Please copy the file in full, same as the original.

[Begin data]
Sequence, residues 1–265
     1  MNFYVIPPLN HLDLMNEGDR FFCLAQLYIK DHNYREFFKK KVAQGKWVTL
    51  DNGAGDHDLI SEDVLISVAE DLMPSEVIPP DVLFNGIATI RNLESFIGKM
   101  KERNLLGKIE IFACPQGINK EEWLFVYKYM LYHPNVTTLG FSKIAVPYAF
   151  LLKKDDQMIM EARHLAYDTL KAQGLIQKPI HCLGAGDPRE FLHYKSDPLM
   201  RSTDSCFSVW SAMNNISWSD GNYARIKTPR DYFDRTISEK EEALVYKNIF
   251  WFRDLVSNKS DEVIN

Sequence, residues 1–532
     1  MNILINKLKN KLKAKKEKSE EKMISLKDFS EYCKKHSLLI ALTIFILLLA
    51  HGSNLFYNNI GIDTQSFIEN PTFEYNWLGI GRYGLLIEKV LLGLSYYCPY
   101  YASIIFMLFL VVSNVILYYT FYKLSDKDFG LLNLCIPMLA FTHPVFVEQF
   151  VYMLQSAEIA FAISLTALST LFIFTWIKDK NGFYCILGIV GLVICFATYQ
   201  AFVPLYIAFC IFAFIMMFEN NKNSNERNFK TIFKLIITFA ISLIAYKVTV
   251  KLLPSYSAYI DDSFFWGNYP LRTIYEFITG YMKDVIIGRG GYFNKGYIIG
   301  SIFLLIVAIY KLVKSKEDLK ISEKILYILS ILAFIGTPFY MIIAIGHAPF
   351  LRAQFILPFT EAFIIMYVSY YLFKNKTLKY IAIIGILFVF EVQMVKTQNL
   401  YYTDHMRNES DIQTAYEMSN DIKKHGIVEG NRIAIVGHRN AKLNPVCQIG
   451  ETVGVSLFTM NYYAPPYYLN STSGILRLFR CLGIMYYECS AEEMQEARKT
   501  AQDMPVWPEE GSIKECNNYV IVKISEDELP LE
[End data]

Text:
Sequence, residues 1–265
     1  MNFYVIPPLN HLDLMNEGDR FFCLAQLYIK DHNYREFFKK KVAQGKWVTL
    51  DNGAGDHDLI SEDVLISVAE DLMPSEVIPP DVLFNGIATI RNLESFIGKM
   101  KERNLLGKIE IFACPQGINK EEWLFVYKYM LYHPNVTTLG FSKIAVPYAF
   151  LLKKDDQMIM EARHLAYDTL KAQGLIQKPI HCLGAGDPRE FLHYKSDPLM
   201  RSTDSCFSVW SAMNNISWSD GNYARIKTPR DYFDRTISEK EEALVYKNIF
   251  WFRDLVSNKS DEVIN

Sequence, residues 1–532
     1  MNILINKLKN KLKAKKEKSE EKMISLKDFS EYCKKHSLLI ALTIFILLLA
    51  HGSNLFYNNI GIDTQSFIEN PTFEYNWLGI GRYGLLIEKV LLGLSYYCPY
   101  YASIIFMLFL VVSNVILYYT FYKLSDKDFG LLNLCIPMLA FTHPVFVEQF
   151  VYMLQSAEIA FAISLTALST LFIFTWIKDK NGFYCILGIV GLVICFATYQ
   201  AFVPLYIAFC IFAFIMMFEN NKNSNERNFK TIFKLIITFA ISLIAYKVTV
   251  KLLPSYSAYI DDSFFWGNYP LRTIYEFITG YMKDVIIGRG GYFNKGYIIG
   301  SIFLLIVAIY KLVKSKEDLK ISEKILYILS ILAFIGTPFY MIIAIGHAPF
   351  LRAQFILPFT EAFIIMYVSY YLFKNKTLKY IAIIGILFVF EVQMVKTQNL
   401  YYTDHMRNES DIQTAYEMSN DIKKHGIVEG NRIAIVGHRN AKLNPVCQIG
   451  ETVGVSLFTM NYYAPPYYLN STSGILRLFR CLGIMYYECS AEEMQEARKT
   501  AQDMPVWPEE GSIKECNNYV IVKISEDELP LE